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10 Important safety tips to keep your dog cool this summer

Make sure your dog can enjoy summer days as much as the rest of your family.
Make sure your dog can enjoy summer days as much as the rest of your family.
365thingstodoeastside.wordpress.com

Summer is the time for swimming, hiking, day trips and vacations. Many dog-lovers enjoy bringing their canine companion along on day trips and vacations. However, dogs can experience heat stroke very quickly so it is important to utilize the following safety tips for keeping your dog safe and cool this summer. Please view the suggested articles at the end of this article for more summer safety tips.

Plastic Doggie Wading Pool
Plastic Doggie Wading Pool fox19morning.blogspot.com

Plastic Doggie Wading Pool

This inexpensive plastic wading pool is a great way to help your dog stay cool in hot weather. Some dogs like to lay in the water or splash around in it. Others just enjoy having a large supply of clean drinking water. Walmart.com sells a doggie pool for just $10. To prevent mosquitoes make sure to empty out the pool and refill it at least once a week. This item is durable and can be used for years.

Lixit Thirsty Dog Water Bottle
Lixit Thirsty Dog Water Bottle www.valleyvet.com

Lixit Thirsty Dog Water Bottle

The Lixit Thirsty Dog water bottle is an easy way to carry water for your dog with you on walks, hikes or day trips. The bottle is filled though the top and once the cap is securely fastened, the bottle can be carried by the shoulder strap or tied to a backpack or belt. To use this system, simply flip down the blue rubber case and it becomes a portable water bowl. Unscrew the pop top and squeeze the bottle to pour water into the bowl section. Your dog can lap at his leisure and then the bowl can be folded back in place again. Walmart.com sells this item for only $5.77.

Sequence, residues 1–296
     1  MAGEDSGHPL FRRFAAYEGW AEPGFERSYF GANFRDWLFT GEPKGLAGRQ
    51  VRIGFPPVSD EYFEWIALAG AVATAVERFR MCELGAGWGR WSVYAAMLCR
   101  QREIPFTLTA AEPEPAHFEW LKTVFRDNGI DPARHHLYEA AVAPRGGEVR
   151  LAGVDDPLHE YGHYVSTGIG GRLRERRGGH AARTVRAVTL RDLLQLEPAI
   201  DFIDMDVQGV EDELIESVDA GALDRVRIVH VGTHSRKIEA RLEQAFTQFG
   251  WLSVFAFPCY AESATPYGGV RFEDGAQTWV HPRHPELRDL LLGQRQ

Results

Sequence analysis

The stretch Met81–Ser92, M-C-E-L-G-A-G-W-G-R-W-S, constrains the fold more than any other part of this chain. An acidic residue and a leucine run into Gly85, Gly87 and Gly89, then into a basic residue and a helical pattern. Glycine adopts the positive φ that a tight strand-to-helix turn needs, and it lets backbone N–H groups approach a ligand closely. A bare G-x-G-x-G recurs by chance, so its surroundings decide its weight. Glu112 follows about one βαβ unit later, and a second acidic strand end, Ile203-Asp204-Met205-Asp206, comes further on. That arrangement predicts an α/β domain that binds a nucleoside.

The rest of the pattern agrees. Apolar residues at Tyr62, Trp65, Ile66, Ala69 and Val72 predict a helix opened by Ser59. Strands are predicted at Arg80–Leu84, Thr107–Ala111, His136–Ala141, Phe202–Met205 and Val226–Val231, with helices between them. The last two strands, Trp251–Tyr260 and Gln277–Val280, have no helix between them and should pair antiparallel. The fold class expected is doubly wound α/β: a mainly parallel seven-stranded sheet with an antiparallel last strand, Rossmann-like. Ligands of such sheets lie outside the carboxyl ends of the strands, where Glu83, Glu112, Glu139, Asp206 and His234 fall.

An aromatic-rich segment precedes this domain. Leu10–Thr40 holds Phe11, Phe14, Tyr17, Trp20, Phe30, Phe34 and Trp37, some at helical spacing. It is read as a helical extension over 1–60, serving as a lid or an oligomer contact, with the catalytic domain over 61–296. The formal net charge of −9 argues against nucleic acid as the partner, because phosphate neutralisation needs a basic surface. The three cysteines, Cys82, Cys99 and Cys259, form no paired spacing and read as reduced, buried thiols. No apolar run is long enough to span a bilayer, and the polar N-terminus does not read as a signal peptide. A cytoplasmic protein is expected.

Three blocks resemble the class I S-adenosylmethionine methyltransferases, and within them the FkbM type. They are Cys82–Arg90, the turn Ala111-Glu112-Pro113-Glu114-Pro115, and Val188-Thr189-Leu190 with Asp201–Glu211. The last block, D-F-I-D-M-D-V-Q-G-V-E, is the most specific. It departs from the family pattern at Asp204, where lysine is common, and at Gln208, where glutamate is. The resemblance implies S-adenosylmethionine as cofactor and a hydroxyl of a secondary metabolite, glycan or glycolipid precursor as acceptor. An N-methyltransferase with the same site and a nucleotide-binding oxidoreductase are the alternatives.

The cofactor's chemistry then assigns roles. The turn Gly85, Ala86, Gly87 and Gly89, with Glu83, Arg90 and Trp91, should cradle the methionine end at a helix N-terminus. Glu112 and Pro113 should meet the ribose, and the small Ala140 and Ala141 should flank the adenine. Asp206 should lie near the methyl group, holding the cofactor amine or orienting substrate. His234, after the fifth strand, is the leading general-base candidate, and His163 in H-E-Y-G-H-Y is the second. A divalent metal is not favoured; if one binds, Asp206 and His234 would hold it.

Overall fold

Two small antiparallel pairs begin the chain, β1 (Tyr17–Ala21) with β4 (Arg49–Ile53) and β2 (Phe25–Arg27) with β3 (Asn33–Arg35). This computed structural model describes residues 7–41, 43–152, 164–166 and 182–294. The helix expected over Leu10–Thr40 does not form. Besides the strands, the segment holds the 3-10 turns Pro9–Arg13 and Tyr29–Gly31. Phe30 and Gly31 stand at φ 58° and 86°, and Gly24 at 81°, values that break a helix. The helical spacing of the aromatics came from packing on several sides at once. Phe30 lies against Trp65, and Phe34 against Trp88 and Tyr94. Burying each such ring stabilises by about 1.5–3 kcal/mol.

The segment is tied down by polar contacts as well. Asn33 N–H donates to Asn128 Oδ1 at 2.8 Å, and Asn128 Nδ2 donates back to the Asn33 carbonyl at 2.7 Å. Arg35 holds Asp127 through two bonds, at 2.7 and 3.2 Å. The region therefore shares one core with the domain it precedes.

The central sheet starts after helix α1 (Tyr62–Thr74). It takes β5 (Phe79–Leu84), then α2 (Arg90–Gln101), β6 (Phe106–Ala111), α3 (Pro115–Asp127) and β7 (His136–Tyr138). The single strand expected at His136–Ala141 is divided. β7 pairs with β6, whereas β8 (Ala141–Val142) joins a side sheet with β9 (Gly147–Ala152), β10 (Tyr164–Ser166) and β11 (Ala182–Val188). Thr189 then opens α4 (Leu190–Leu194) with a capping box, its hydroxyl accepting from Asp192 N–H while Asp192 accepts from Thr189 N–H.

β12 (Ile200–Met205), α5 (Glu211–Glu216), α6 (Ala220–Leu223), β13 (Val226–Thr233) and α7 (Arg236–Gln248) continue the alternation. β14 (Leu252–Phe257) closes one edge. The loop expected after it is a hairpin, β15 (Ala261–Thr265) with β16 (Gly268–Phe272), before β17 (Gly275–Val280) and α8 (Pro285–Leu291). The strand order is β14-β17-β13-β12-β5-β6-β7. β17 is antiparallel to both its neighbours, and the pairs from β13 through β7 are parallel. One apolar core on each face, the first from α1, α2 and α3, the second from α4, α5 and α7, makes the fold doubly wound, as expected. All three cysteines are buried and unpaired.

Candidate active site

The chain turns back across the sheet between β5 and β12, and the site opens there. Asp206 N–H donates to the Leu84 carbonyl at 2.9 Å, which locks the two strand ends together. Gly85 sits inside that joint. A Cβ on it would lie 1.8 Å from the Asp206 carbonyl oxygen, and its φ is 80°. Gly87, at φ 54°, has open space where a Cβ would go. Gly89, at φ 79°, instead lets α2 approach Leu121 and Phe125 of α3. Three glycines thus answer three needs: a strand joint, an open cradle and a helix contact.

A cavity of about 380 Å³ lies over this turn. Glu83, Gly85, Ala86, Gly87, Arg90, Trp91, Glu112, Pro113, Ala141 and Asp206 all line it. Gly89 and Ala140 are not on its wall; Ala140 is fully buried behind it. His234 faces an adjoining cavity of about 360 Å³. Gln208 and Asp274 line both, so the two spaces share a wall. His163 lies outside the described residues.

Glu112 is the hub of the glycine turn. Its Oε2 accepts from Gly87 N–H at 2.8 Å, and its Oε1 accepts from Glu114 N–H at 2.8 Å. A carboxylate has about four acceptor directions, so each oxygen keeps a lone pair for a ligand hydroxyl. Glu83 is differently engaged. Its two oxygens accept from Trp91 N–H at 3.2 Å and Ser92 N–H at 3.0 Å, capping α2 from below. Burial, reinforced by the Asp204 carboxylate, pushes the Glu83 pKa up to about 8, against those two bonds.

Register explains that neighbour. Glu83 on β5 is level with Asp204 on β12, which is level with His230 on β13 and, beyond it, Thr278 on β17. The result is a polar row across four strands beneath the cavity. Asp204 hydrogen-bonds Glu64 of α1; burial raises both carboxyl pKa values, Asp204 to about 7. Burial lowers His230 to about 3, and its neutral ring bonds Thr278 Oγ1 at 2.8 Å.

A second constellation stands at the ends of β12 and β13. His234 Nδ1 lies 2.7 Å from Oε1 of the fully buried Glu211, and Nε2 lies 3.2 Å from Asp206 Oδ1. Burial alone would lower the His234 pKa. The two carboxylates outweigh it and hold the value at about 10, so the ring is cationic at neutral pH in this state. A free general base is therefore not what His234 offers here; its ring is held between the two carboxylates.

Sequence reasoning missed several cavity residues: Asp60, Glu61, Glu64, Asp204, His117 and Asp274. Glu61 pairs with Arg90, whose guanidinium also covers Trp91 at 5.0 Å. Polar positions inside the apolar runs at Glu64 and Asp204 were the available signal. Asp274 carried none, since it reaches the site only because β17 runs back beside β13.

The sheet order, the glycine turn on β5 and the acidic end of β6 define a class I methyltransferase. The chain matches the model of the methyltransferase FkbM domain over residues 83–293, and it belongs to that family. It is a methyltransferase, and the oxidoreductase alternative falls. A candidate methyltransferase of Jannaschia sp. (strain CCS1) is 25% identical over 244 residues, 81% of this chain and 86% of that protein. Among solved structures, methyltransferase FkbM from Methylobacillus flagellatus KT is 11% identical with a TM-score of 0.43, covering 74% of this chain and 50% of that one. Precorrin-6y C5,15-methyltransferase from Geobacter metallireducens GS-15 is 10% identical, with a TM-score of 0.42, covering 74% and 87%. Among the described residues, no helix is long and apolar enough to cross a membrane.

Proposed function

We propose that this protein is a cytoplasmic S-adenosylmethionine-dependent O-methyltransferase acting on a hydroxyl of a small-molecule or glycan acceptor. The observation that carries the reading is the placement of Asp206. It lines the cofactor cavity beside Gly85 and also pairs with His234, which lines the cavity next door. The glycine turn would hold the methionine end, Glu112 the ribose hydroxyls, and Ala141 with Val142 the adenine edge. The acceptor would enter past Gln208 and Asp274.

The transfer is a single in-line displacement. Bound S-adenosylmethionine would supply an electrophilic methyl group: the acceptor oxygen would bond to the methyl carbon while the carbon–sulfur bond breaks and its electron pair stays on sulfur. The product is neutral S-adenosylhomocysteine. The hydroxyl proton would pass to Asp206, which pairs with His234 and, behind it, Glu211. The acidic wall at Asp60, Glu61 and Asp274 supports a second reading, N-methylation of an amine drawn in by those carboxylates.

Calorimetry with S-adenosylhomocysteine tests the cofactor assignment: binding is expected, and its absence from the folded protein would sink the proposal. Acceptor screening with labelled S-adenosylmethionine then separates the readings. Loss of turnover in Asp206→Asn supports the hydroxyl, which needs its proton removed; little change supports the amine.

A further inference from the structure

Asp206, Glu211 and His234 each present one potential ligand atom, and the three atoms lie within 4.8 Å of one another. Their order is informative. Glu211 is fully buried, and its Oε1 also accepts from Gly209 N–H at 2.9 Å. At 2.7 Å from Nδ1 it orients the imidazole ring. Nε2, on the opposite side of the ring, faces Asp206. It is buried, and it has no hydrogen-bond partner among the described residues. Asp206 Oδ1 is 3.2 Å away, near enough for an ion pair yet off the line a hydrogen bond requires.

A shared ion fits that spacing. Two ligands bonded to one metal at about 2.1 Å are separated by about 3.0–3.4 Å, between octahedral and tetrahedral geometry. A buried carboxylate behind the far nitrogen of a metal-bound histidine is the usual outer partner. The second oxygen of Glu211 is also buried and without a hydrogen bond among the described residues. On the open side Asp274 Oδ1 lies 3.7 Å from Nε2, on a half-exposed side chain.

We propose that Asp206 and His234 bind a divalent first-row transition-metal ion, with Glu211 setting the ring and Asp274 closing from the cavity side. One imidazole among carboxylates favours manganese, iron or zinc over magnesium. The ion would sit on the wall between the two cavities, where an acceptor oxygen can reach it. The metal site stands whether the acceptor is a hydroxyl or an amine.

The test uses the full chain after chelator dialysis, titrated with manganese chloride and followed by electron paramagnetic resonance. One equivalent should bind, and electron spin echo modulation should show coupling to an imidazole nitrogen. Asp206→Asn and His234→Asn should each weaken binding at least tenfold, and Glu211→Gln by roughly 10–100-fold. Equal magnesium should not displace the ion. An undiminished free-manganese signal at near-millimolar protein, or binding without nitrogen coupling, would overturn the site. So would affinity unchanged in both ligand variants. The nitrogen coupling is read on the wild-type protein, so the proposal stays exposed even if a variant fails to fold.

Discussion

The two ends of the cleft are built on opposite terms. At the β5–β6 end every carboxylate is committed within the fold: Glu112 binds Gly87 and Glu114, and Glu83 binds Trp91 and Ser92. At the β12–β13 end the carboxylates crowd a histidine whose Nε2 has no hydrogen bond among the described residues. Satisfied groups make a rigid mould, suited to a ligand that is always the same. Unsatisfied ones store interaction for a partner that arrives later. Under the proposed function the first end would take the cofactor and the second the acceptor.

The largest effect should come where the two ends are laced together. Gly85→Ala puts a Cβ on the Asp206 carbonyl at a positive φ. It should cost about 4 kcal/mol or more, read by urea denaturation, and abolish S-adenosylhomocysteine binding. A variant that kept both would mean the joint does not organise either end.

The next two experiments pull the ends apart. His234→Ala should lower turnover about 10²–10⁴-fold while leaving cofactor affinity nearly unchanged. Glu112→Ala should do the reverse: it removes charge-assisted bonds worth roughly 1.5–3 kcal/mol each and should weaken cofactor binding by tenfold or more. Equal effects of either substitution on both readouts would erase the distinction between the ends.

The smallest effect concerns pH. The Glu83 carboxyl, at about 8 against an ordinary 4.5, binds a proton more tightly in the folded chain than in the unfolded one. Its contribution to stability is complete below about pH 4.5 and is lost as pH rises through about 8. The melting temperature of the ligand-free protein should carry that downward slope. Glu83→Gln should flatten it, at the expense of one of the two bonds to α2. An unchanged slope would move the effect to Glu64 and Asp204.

The Danger of Ice and Cold Treats
The Danger of Ice and Cold Treats thefivedogblog.blogspot.com

The Danger of Ice and Cold Treats

Giving your dog ice, cold drinks or frozen treats can be not only dangerous, but deadly. If your dog is already hot and he eats or drinks something that is very cold, this can lead to bloat, a condition where the stomach flips and goes into muscle spasms. This condition is fatal without immediate veterinary intervention. See the suggested reading at the end of this article for more information on the dangers of bloat from ingesting frozen or cold food. Some experts claim that ice is not dangerous unless the dog is already overheated. However, since it is impossible to tell just by looking whether your dog is beginning to overheat, the safest option is to avoid ice and frozen treats altogether. The best way to hydrate your dog is with room temperature water, making sure that your dog does not quickly drink an excessive amount of water.

Using Shade
Using Shade vettechcheck.wordpress.com

Using Shade

Shade is one of the most natural ways to help your dog cool off. Whenever you leave your dog outside in hot weather, make sure that your pet has at least one shady area to rest in. While hiking or taking a long walk, allow your dog to take rest breaks in the shade periodically.

Sunrise and Sunset Walks
Sunrise and Sunset Walks www.beapackleaderdogwalkingclub.com

Sunrise and Sunset Walks

Even on the hottest of summer days, the weather is noticeably cooler around sunrise and sunset. If you enjoy working out with your pet, schedule your runs either early in the morning or later in the evening, before dark.